In the spring, “Harry Lauder,” as it is commonly referred to, can put on a spectacular display of yellow catkins, the male flowers. My mom’s plant is in “full bloom” this week, and I managed to photograph it before the rains came. I love it for creating images as much as arrangers love it for line material.

Harry Lauder's Walking Stick

Male Flowers, the Catkins, of Harry Lauder’s Walking Stick

03/14/15
Flower Bud

I have no idea exactly what this is, other than some wonderful bud I photographed at the ABQ BioPark last fall.

Flower Bud

Flower Bud

This is an example of why I do not delete digital negatives that I do not particularly care for the first time around. I had fun developing it today.

And, now I know what an “Aside” post looks like. :-) )))))))

03/13/15
finding beauty

Finding Beauty

Finding Beauty in the Unexpected: More Rose Hips

Finding beauty. What is beauty, anyway? And who gets to decide what it is? Beauty, of course, “is in the eye of the beholder,” and there may be as many definitions as there are beholders.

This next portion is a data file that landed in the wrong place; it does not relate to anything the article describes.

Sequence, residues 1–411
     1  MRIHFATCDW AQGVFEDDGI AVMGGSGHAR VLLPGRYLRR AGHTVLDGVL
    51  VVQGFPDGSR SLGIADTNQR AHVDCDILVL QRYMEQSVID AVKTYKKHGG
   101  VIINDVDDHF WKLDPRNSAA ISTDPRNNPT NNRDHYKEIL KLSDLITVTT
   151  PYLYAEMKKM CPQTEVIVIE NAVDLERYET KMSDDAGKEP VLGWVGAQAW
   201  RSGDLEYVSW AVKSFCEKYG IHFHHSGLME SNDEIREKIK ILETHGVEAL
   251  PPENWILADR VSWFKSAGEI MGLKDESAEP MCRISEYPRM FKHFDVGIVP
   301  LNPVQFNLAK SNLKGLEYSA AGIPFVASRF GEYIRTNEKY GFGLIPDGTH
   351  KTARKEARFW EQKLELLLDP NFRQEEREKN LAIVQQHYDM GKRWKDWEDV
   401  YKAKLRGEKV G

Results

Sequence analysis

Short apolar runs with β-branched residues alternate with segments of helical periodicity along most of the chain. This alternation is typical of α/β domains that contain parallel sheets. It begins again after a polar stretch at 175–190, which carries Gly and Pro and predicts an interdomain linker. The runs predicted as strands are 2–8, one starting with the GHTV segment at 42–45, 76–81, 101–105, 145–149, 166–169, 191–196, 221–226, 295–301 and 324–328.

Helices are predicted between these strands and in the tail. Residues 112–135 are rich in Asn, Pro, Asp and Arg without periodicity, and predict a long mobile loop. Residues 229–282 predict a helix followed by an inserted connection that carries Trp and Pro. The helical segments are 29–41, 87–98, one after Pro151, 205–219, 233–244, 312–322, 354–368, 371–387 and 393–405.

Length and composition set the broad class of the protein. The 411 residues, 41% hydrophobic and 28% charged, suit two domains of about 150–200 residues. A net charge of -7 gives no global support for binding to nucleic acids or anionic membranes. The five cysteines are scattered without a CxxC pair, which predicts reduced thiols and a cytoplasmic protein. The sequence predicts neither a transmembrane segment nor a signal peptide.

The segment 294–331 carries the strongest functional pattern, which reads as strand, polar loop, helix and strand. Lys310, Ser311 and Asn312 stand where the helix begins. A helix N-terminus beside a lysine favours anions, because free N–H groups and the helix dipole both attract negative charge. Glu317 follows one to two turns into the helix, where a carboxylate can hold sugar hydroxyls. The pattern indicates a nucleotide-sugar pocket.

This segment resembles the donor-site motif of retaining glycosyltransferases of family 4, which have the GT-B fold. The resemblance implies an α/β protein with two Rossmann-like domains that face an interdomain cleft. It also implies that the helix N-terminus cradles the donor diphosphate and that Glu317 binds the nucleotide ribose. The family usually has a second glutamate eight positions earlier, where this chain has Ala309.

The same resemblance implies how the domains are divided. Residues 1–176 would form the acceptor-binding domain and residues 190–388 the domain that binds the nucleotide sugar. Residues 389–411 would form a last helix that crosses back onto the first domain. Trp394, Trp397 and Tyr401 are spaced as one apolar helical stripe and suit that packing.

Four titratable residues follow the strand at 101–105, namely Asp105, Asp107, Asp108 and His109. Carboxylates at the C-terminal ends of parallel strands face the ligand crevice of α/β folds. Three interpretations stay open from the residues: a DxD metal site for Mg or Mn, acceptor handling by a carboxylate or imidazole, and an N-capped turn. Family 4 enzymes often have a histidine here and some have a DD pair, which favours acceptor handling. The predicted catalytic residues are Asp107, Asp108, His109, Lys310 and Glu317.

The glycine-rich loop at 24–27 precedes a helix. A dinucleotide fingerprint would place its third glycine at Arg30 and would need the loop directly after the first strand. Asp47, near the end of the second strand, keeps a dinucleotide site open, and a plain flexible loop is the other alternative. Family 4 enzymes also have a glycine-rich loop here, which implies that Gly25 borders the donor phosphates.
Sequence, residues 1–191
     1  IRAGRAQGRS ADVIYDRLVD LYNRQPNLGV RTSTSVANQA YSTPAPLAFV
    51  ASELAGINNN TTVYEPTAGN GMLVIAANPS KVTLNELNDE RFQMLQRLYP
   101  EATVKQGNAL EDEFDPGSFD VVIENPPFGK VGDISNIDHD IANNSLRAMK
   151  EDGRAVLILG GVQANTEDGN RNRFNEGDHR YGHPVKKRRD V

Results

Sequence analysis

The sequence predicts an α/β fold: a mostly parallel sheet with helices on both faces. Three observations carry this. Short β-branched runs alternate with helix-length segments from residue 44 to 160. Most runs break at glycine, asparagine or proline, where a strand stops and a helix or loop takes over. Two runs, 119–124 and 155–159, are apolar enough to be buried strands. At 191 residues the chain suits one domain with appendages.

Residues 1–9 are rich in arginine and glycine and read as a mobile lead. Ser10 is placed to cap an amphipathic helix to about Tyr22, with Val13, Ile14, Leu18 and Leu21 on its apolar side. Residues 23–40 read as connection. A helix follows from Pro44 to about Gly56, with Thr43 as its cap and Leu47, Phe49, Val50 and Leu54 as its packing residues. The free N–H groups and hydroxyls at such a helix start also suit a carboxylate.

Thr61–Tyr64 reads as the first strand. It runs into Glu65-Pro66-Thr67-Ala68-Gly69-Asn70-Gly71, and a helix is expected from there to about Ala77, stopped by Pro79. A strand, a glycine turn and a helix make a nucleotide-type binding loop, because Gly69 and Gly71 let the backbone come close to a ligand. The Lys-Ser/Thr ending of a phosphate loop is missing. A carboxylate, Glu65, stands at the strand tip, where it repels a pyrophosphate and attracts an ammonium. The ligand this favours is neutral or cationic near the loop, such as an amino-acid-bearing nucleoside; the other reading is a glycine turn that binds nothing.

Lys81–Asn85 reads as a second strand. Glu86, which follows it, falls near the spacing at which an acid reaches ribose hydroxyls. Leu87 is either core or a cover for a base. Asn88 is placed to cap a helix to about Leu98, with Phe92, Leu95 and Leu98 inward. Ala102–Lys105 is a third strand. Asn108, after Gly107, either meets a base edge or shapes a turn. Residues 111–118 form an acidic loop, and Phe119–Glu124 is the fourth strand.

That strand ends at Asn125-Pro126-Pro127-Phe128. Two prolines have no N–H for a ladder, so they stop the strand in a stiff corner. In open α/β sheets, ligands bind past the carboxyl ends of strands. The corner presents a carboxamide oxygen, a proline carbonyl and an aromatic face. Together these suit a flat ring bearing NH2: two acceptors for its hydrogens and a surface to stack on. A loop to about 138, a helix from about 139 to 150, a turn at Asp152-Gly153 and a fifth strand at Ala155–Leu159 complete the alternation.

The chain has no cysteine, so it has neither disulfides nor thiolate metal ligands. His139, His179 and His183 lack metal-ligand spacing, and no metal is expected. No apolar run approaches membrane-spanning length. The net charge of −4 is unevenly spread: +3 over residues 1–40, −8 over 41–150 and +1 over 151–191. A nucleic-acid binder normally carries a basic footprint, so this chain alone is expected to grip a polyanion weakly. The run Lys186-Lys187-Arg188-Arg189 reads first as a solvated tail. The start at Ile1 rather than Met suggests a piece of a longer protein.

This year I have spent more time than ever looking at rose hips and spent blooms on roses in the yard than ever in the past. Maybe that is because the weather has been so beautiful, and yet I am not ready to prune the roses. Maybe it is because I have had the time to photograph them, and have found them interesting subjects. No matter why I have looked at them more, one thing is certain: I have learned a lot more about them than I knew before, such as there is such wide variability between varieties; each variety is pretty distinctive in its hip expression; all have their own unique form of beauty. I will admit that finding beauty sometimes took a little looking, however.

I think the one hip I found most beautiful from the very beginning was this one on ‘Fourth of July.’

finding beauty

Hip of climbing rose, ‘Fourth of July’

Others are intrinsically interesting, especially in juxtaposition with new leaves beginning to emerge. This one is the hybrid rugosa, ‘Buffalo Gal:’

finding beauty

Hip and emerging leaves on hybrid rugosa, ‘Buffalo Gal’